There’s a smart case for diversity – but it’s not the one you think.

Andy Haldane, chief economist at the Bank of England, hit the headlines last week with his confession that even he could not understand much of the material which pension providers give to customers. Less noticed, however, was a speech he gave the previous week at a dinner organised in aid of Children in Need on the fashionable theme of diversity.

The concept is dear to the heart of the liberal elite. Company boards, public institutions, all must embrace it without question. Each must have its “appropriate” quota of under-represented groups – every group, in fact, except white working class men. Mass immigration and open borders should be welcomed on the grounds that this makes society more diverse, which is unequivocally a Good Thing.

Haldane, one of the most original economists around, puts forward an altogether smarter set of arguments for diversity. A very deep seated human instinct is to be very wary of anything which is different. For much of our history, we have lived in small hunter-gatherer communities of 100 people or less. Groups of this size were very vulnerable to events which could make them extinct. The principal threats were conflict and disease, and the principal bearers of these were strangers. So it can be very sensible to prefer people who are similar to you and to distrust the unknown. As Haldane points out, this is “ecologically rational” behaviour.

But decisions which are rational for the individual can have consequences which are, collectively, bad. It is perfectly rational for everyone to head to the exits if the fire alarm sounds in the theatre. But the collective consequences are potentially catastrophic.

Haldane notes that economists call this an externality problem. He argues that a certain amount of diversity can generate positive externalities for society and the economy as a whole. Taking a very broad sweep of history, he cites Ancient Greece, medieval Italian cities and the London of Elizabeth I as examples of cosmopolitan, diverse cultures in which creativity flourished. Shakespeare was very much the product of that latter era, when England was opening up the world. And diversity, Haldane argues, in addition offers protection against the dangers of “group think”.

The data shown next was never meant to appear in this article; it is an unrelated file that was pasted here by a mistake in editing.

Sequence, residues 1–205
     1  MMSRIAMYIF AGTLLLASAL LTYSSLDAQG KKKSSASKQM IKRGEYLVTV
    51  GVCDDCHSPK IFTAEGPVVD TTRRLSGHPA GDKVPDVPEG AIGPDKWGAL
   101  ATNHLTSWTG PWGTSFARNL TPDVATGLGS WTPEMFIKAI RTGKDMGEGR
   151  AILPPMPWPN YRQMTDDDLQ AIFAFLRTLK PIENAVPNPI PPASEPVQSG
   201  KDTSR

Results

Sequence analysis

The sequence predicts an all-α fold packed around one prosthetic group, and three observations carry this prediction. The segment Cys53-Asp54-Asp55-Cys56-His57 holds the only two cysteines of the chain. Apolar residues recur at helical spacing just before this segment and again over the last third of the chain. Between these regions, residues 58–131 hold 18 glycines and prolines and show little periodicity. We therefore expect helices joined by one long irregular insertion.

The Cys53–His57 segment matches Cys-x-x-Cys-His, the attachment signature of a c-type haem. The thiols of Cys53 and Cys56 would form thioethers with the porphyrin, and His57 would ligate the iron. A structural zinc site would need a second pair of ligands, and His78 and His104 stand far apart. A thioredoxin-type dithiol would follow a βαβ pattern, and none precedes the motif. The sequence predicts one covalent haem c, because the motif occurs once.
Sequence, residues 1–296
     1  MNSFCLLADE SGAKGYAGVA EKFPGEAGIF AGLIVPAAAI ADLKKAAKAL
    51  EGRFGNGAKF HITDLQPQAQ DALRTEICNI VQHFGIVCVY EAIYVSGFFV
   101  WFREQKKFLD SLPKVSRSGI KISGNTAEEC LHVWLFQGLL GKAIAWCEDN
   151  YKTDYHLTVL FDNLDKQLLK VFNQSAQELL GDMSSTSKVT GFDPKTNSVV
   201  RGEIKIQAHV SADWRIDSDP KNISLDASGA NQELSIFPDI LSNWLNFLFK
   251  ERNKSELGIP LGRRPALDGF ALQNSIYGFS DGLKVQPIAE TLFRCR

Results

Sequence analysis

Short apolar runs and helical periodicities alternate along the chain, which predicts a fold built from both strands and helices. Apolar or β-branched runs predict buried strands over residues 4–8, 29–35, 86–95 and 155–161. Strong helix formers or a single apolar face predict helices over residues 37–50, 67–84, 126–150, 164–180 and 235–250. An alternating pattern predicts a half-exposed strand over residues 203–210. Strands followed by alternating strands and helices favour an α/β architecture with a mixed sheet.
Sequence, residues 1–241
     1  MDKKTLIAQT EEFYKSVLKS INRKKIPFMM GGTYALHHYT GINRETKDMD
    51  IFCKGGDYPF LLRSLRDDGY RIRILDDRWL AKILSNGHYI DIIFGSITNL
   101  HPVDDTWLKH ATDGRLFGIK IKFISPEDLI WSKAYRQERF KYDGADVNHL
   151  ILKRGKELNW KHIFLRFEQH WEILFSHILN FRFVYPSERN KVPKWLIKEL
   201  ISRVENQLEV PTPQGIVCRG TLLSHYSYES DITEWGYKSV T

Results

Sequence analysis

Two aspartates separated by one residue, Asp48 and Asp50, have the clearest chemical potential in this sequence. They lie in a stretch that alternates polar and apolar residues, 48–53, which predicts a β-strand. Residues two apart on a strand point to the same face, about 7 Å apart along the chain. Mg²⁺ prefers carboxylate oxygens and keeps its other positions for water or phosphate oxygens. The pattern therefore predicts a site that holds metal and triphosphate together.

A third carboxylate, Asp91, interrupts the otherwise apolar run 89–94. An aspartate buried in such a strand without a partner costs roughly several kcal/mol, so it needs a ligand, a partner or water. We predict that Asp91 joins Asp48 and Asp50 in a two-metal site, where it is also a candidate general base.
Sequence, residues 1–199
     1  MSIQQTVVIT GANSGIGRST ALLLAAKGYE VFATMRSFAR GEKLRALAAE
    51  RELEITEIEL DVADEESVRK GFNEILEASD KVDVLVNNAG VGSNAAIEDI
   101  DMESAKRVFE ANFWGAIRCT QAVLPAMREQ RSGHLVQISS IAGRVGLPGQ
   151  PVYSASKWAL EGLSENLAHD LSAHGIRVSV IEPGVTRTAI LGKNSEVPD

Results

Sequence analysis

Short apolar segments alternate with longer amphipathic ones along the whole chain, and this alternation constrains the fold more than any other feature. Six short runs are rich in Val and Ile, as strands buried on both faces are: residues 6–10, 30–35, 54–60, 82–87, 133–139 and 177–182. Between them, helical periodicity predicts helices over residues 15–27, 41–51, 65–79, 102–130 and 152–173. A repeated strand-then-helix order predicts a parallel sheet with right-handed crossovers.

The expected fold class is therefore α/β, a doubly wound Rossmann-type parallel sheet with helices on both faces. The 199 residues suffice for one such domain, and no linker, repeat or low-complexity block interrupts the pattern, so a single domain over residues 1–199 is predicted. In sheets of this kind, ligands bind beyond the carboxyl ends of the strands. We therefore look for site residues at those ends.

Some of his other examples are less convincing. He cites the results of the Harvard economist Alberto Alesina that a 1 per cent increase in the population arising from skilled immigrants raises long-run output by 2 per cent.  But the point here is surely that they are skilled rather than that they are immigrants. And, incredibly, Haldane gives the Monetary Policy Committee as an example of successful diversity.

Cultivating creativity requires what Haldane calls cognitive diversity, which may not be related at all to ethnic or gender diversity. Cambridge in the middle of last century consisted almost entirely of white, upper class men. Yet Keynes in economics, Wittgenstein in philosophy and, most important of all, Crick in biology generated world-changing ideas.

Haldane’s speech is a powerful counterweight to the tick-box mentality which currently dominates the thinking on diversity in policy circles.

Paul Ormerod

As published in City AM on Wednesday 24th May 

Image: All the colours by Garry Knight licensed under CC by 2.0